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Common Discusses Powerful Lyrics Behind His Oscar-Nominated Track ‘Glory’ from ‘Selma’

Common and John Legend, Common Discusses 'Glory' Lyrics, Common receives Oscar nomination, Culture, Entertainment, Glory Golden Globe win, lack of diversity in Hollywood, oscar nominations, selma, Selma nominations, Selma snubs -

Common Discusses Powerful Lyrics Behind His Oscar-Nominated Track ‘Glory’ from ‘Selma’

Common discusses Glory lyrics In the midst of some major award snubs for the movie Selma, Common took home the only Golden Globe Award for the historic drama with his original song “Glory.”

Now the hip hop star is opening up about how the song came about and how working on Selma altered his perspective of the Civil Rights Movement and its leaders.

Common, whose real name is Lonnie Rashid Lynn Jr., has always been known as one of the conscious lyricists in the rap game, so it was no surprise that his powerful lyrics in “Glory” became a highlight of the award season.

He drew inspiration from both historical movements like Selma and the current movements that have swept the nation following the deaths of unarmed teen Michael Brown and unarmed Staten Island father Eric Garner.

“That’s why Rosa on the bus/ That’s why we walk through Ferguson with our hands up,” Common raps on the first verse of the song. “When it go down we woman and man up/ They say, ‘Stay down,’ and we stand up. Shots, we on the ground, the camera panned up. King pointed to the mountain top and we ran up.”

Two verses of strong lyrics like these are strung together by a powerhouse vocal performance by John Legend, an artist Common says he knew he had to work with as soon as he was asked to write an original piece for Selma.

“Ava DuVernay talked to me about doing a song,” he told the Wall Street Journal. “While she was in the editing process I just took the initiative and said, you asked me to do this song, and I’m going to speak with John Legend. I think he would be perfect and a powerful voice.”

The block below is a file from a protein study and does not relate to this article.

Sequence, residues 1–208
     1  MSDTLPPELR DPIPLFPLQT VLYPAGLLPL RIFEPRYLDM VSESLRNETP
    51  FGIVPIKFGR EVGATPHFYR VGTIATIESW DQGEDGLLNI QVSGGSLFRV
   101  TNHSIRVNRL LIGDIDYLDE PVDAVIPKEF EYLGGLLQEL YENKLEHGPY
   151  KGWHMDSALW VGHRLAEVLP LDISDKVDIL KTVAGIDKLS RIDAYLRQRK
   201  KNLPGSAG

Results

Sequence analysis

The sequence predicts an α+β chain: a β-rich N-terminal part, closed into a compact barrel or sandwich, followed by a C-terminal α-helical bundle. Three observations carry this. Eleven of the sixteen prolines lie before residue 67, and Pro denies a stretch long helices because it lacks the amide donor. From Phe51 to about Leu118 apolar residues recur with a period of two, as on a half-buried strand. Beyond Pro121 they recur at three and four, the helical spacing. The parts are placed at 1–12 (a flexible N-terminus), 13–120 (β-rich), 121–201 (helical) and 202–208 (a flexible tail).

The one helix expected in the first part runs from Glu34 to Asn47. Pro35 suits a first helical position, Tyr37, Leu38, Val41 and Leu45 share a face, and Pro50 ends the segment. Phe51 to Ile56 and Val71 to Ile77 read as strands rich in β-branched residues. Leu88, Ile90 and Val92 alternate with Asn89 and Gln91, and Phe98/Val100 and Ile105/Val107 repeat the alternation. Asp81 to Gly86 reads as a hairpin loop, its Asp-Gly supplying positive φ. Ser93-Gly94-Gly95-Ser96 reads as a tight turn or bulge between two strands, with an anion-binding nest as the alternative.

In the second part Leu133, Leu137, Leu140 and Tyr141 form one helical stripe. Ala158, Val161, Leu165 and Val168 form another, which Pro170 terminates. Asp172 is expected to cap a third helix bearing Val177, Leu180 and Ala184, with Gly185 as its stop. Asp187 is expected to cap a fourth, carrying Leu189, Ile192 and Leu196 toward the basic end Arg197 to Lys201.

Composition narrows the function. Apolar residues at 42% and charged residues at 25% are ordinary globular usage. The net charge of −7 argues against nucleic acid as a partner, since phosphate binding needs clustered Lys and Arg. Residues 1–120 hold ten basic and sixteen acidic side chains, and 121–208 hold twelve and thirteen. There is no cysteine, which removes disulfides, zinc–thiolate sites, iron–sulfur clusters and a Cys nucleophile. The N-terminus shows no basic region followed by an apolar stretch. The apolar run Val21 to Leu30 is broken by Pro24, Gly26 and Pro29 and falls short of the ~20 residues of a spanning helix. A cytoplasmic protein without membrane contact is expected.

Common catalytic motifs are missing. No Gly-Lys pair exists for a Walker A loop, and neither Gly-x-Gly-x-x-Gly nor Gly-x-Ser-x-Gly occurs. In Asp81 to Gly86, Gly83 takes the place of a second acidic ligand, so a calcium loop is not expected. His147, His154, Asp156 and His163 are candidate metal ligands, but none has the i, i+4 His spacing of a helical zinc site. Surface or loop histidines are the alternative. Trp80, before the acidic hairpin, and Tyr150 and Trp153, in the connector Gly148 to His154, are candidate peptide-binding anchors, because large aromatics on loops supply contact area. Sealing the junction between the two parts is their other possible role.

Needless to say, he was right.

Common explained that his lyrics were inspired not only by history but by the fact that people are still fighting for justice even today.

“…I wanted to talk about how we all are a part of the fight for humanity,” he continued. “I wanted to show that what took place then, happens now. We’ve come a long way, but we have a long way to go.”

Common does more than provide incredible lyrics for the film. He also stars in the movie as James Bevel, the legendary Civil Rights leader who passed away in 2008.

Common never had the chance to meet the man he was being asked to portray, but he had seen the powerful figure in action before.

“Ironically enough, I was at the Million Man March that took place in 1995 and he spoke,” he said. “He’s known for having brilliant ideas about strategizing, waiting to move forward for human rights and for the people.”

For that reason, Common said he was incredibly honored that DuVernay asked him to take on that role.

“I came on to Selma because Ava DuVernay said I was the person she thought would be a good James Bevel,” he continued. “When she told me that, I was overwhelmed and excited.”

Selma earned four Golden Globe nominations, but Common and John Legend’s impeccable collaboration brought home the film’s only award of the night.

Common Oscar nomination The song has also earned an Oscar nomination for Best Original Song.

Not everybody was able to focus on the joy of the Golden Globe win and Oscar nomination, however, as what has been one of the “whitest” Oscars left Selma without many other nominations.

Many Black actors and directors that were expecting Oscar nominations were left empty handed and many have pointed out the stunning lack of diversity in this year’s nominees.

“In the time of Staten Island and Ferguson, to have one of the most shutout Oscar nights in recent memory is something that is incongruous,” Rev. Al Sharpton told The News.

Moviegoers were particularly disappointed that DuVernay’s name was missing from the best director category because she would have been the first Black woman to receive a nomination for that category.

“A lack of diversity remains a serious problem in Hollywood, where the voices of African-Americans, Latinos and Asian-Americans have historically been excluded from film studios, from the Academy of Motion Picture Arts and Sciences, and on screen,” New York Democratic Rep. Yvette Clarke told The News. “Our films should reflect the diversity of our society in the 21st century.”

 


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